Animals were an important part of the everyday lives of ancient and medieval people, whether they were real or imagined, and their literary use in the Middle Ages formed a moral language.
The exhibition Stampede prods the viewer to consider how artists use animals to represent human traits and critique the world we humans live within.
1668: The Year of the Animal in France by Peter Sahlins delves into the radical influence of Louis XIV’s menagerie at Versailles on the art of animals.
Bear 71 VR is an interactive documentary that uses trail camera footage and animal tracking to follow the life of one grizzly in Banff National Park.
In Next of Kin at the Harvard Museum of Natural History, artist Christina Seely repurposes natural history specimens for an emotional exhibition about animal extinction.
Charlotte Sleigh’s book The Paper Zoo explores 500 years of scientific animal illustration as seen in the collections of the British Library.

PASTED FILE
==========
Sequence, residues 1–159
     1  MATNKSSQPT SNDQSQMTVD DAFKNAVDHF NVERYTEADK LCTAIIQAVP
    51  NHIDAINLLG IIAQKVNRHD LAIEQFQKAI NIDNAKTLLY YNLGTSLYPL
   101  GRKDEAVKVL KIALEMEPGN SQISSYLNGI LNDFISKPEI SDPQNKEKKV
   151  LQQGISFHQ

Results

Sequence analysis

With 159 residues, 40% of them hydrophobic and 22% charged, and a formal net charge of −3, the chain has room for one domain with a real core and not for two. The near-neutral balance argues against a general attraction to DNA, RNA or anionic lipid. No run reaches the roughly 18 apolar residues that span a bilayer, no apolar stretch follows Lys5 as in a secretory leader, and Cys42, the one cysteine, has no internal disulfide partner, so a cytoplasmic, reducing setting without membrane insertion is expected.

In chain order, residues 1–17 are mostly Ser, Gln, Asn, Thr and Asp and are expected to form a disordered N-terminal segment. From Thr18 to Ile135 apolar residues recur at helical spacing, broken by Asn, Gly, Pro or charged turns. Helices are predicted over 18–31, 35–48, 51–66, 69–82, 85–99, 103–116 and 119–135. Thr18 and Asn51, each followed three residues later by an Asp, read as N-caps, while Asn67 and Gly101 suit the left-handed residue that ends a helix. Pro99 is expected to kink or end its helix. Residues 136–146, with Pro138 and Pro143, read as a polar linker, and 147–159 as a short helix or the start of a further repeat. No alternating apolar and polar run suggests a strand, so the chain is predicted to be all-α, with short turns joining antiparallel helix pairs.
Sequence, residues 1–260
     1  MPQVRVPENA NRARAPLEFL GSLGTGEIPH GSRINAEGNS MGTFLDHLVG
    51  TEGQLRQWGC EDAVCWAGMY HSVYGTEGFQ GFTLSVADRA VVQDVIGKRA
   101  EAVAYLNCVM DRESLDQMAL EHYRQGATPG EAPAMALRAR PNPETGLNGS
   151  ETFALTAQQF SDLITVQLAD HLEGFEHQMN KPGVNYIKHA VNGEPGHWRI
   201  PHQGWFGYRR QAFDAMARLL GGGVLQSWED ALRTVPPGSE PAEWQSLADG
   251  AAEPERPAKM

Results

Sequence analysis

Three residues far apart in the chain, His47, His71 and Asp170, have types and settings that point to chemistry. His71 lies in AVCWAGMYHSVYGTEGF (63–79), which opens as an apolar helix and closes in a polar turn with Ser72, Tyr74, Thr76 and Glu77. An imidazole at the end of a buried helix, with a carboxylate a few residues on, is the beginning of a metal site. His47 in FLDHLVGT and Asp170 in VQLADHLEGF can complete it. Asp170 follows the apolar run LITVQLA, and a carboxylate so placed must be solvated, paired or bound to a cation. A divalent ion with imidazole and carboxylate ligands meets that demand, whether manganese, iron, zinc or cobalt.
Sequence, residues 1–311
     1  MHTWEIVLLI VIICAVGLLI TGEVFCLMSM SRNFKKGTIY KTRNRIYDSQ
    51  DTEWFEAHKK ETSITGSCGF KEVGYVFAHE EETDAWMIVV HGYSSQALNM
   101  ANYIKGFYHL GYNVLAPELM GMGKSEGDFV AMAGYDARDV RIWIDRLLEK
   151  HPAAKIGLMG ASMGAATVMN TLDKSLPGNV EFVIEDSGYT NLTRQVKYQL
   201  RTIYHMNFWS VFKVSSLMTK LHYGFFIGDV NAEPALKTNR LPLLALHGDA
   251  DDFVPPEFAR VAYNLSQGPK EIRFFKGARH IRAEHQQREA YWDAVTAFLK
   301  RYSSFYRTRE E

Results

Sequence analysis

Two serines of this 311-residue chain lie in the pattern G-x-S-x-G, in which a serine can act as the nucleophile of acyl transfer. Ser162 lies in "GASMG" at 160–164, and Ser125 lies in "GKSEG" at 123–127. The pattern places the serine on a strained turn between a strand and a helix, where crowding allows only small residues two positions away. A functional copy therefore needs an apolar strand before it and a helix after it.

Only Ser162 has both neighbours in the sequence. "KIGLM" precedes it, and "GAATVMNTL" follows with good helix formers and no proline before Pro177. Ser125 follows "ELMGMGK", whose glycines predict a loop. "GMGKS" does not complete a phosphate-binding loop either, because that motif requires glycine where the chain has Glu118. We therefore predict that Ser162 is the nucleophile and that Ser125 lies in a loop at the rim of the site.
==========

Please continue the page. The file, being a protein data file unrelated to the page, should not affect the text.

Exotic animal visitors to Europe in the 18th and 19th centuries were more frequently dead than alive.
Before coming across an unusually calligraphic painting of a mountain, Williams College Museum of Art Curator Kevin Murphy considered the turn-of-the-century artist Abbott Handerson Thayer “a one slide guy,” a man known for portraits of placid angels, who in an art history class might get one mention and then be forgotten.
There’s a beauty in the bovine’s domesticated body that inspired Daniel Naudé to spend two years taking portraits of cows.
There’s a whole history of woe for the pets of famous artists, especially when the creative types decided no ordinary cat or dog would do.
Natural history storerooms are a bit like drowned Noah’s Arks, with specimens from every realm of the animal world posthumously preserved.
In the 16th century, Pierre Belon published one of the earliest scientific depictions of a dolphin: a woodcut with finely hatched skin and pointed teeth.